# ...What is the formal definition of a vector?

This seems like a crazy question, I know. But my current math course in university has destroyed my understanding of what a vector is altogether: We've learned that a vector space is a collection of vectors that satisfy the 3 properties (a vector space must be associated with a set of scalars called its Field, its elements must have some well-defined addition operation, and there must be an operation called scalar multiplication, etc.) However, when we got to things like function spaces and the fact that functions themselves can be thought of as vectors with "direction" (which lets us say things like $$e^{i\theta}$$ and $$e^{-i\theta}$$ are linearly independent), I started to lose all sanity. At this point, we're simply defining a vector as an element of a vector space, but to me, this gives way to circular reasoning: a vector is defined by its relation to a vector space and a vector space is defined by the behaviour of its associated vectors.

So I ask...what is a vector anymore? What do the formal definitions say?

• A vector is an element of a vector space. A vector space over $F$ is a set together with some functions satisfying certain identities. There is no circularity. Commented Feb 3 at 21:44
• To repeat: a vector is by definition of a vector space. And this is not a circular definition; our terminology has just evolved over 300+ years of math. I can start with $(V,\Bbb{F},+,\cdot)$ which satisfies 8 or so axioms, and decide to call elements of $V$ potatoes or penguins or vectors if I wish. It doesn’t change the underlying math. Commented Feb 3 at 21:47
• @JBatswani "Once again we arrive at the conclusion that a vector is defined to be an element of a vector space, and a vector space is defined to be a collection of vectors." This is incorrect. A vector space (over $\mathbb{R}$, let's say) is formally defined as follows: it's any triple $(X,\oplus,\odot)$ where $X$ is a nonempty set, $\oplus:X^2\rightarrow X$, and $\odot: \mathbb{R}\times X\rightarrow X$, such that [algebraic properties]. The apparent circularity is only etymological: initially "vector" had a clear-but-limited geometric meaning, but that was discarded over time. Commented Feb 3 at 21:49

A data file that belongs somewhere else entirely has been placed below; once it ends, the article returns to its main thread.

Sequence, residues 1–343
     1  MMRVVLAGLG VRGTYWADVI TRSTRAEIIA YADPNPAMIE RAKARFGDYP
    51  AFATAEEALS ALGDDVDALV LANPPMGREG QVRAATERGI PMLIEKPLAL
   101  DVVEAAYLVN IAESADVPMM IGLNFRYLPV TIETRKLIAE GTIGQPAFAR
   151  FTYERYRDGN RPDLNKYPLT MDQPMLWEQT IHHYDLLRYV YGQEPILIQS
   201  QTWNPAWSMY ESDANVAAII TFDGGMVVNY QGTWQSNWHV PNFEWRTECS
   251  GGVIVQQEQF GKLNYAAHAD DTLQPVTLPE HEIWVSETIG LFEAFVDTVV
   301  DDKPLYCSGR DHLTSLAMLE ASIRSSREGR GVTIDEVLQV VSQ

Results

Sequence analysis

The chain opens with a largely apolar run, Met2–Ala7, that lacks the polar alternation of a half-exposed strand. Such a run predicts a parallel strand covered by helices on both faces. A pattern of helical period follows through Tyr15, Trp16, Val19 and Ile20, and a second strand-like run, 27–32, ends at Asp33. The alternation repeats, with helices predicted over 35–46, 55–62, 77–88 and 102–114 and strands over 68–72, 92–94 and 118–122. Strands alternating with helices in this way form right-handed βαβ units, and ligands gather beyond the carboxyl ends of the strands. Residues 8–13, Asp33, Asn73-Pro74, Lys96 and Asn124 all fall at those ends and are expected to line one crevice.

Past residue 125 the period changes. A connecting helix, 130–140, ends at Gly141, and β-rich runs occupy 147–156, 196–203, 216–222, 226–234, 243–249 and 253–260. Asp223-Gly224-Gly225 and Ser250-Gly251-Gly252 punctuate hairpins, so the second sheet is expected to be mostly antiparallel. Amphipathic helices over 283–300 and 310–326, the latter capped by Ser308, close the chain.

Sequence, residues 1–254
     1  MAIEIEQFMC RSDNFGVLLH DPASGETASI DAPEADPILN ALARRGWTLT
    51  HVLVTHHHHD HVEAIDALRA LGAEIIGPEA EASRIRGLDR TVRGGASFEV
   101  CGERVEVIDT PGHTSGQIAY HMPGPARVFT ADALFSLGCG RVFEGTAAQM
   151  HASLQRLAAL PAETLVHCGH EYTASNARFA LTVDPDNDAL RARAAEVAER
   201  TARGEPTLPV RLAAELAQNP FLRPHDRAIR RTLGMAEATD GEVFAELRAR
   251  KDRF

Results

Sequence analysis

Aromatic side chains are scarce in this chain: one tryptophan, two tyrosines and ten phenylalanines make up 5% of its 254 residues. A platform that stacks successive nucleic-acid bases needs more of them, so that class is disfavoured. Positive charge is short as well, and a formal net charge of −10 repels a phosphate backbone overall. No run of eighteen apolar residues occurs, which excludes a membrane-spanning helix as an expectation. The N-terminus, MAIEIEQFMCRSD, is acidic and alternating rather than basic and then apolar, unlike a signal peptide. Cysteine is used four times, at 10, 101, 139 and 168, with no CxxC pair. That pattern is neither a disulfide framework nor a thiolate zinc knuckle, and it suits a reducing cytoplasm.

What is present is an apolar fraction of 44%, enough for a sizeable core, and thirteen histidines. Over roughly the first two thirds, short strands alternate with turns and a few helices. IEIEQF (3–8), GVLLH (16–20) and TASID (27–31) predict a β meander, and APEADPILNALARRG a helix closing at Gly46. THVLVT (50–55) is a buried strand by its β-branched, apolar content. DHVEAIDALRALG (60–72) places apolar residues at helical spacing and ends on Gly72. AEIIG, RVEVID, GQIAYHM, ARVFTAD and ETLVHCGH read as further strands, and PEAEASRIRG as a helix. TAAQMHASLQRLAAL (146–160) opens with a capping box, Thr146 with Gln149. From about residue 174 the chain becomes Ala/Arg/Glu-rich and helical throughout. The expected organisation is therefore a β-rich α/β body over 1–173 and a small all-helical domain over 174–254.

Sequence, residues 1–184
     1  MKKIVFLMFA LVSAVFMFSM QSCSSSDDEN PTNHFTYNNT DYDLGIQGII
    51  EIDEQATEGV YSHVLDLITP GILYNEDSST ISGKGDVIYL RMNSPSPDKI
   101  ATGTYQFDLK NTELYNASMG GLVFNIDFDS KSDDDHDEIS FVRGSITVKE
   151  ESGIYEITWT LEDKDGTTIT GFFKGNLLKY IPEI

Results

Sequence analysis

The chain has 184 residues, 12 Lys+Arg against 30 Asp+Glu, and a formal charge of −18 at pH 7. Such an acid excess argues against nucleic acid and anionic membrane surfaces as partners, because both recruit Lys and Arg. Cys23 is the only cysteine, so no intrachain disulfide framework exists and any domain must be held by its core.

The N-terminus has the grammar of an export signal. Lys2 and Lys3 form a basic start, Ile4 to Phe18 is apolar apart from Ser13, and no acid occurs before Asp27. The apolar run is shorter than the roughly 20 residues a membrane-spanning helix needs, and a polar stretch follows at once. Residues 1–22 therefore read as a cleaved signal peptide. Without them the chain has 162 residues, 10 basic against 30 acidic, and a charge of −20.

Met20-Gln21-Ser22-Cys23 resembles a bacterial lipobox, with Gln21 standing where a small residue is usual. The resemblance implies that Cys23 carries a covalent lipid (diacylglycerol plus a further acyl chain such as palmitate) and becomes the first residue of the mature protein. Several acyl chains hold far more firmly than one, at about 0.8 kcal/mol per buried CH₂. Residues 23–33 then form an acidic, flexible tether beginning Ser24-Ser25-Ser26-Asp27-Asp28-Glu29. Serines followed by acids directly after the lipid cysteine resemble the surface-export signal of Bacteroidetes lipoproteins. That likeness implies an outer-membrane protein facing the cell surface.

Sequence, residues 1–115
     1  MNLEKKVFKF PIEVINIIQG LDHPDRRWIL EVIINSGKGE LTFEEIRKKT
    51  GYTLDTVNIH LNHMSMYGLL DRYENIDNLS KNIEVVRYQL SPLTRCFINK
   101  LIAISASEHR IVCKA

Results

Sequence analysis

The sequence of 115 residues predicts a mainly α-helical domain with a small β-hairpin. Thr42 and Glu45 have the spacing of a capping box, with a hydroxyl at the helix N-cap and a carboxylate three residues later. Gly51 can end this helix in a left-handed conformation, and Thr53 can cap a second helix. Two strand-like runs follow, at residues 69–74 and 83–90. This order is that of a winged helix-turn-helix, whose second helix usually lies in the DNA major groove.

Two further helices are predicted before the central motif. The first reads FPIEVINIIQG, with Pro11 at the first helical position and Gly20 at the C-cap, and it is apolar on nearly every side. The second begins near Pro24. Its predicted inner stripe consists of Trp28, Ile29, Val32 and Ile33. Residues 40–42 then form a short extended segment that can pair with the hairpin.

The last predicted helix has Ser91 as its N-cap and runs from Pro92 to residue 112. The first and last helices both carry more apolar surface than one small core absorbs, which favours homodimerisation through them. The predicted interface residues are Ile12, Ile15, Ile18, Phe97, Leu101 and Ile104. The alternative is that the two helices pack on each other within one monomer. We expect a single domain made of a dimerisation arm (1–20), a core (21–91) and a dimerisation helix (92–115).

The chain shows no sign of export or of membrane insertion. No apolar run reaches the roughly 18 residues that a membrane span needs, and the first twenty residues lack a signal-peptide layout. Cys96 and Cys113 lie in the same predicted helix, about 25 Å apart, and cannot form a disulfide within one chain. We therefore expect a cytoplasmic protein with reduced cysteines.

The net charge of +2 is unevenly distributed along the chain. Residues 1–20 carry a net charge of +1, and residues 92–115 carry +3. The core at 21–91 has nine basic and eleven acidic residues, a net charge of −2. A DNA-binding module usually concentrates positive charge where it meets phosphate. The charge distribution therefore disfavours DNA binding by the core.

• To your question itself, "vector-ness" isn't a meaningful property: there aren't objects which are vectors and objects which aren't vectors. Rather, the property at work is "vector-space-ness." Anything can be an element of (the "vector part" of) a vector space, and so in that sense anything can be a vector. Commented Feb 3 at 21:51
• A vector space is a set, period*. A set of what? Of *its elements. We only call them "vectors" *after we have defined a vector space. In the vector space $V=\{\text{terrapin}\}$ with the only operations, the element of $V$ is a terrapin. It's only a "vector" in relation to being an element of the vector space structure. Commented Feb 3 at 21:56

A vector space is any space where you can do addition and scaling in a way that "makes sense". It does not nessesarily have to align with your intuition of containing "arrows" that point somewhere in physical space, that is just starting intuition for it.

The formal definition of a (real) vector space is that it's a set $$V$$, containing a special element $$0$$, whose elements can be added together and scaled by real numbers. It also has to follow the basic algebraic rules you'd expect it to follow. Formally, we have for all $$r_1,r_2 \in \mathbb{R}$$ and $$v_1,v_2,v_3 \in V$$,

$$(v_1 + v_2) + v_3 = v_1 + (v_2 + v_3),$$ $$0 + v_1 = v_1,$$ $$v_1 + (-1)\cdot v_1 = 0,$$ $$v_1 + v_2 = v_2 + v_1$$

And

$$r_1(r_2\cdot v_1) = (r_1r_2)\cdot v_1,$$ $$(r_1 + r_2)\cdot v_1 = r_1\cdot v_1 + r_2 \cdot v_1,$$ $$r_1\cdot (v_1 + v_2) = r_1\cdot v_1 + r_1 \cdot v_2.$$

Any set equipped with these operations that follows these rules is a vector space, and its elements are definitionally vectors.

• Thank you so much! This really helped. Do you mind if I ask one more quick question -- does the field of a vector space have to be a set of scalars? why or why not? Commented Feb 3 at 22:00
• @JBatswani Well, the definition of "scalar" is that it is an element of the field of a vector space, so yes. That field does not have to be the real numbers - you'll likely encounter vector spaces with complex scalars in calculus, and all sorts of finite-field fun if you're doing abstract algebra, but I restricted my attention to real-number scalars to keep my answer compact. Commented Feb 3 at 22:03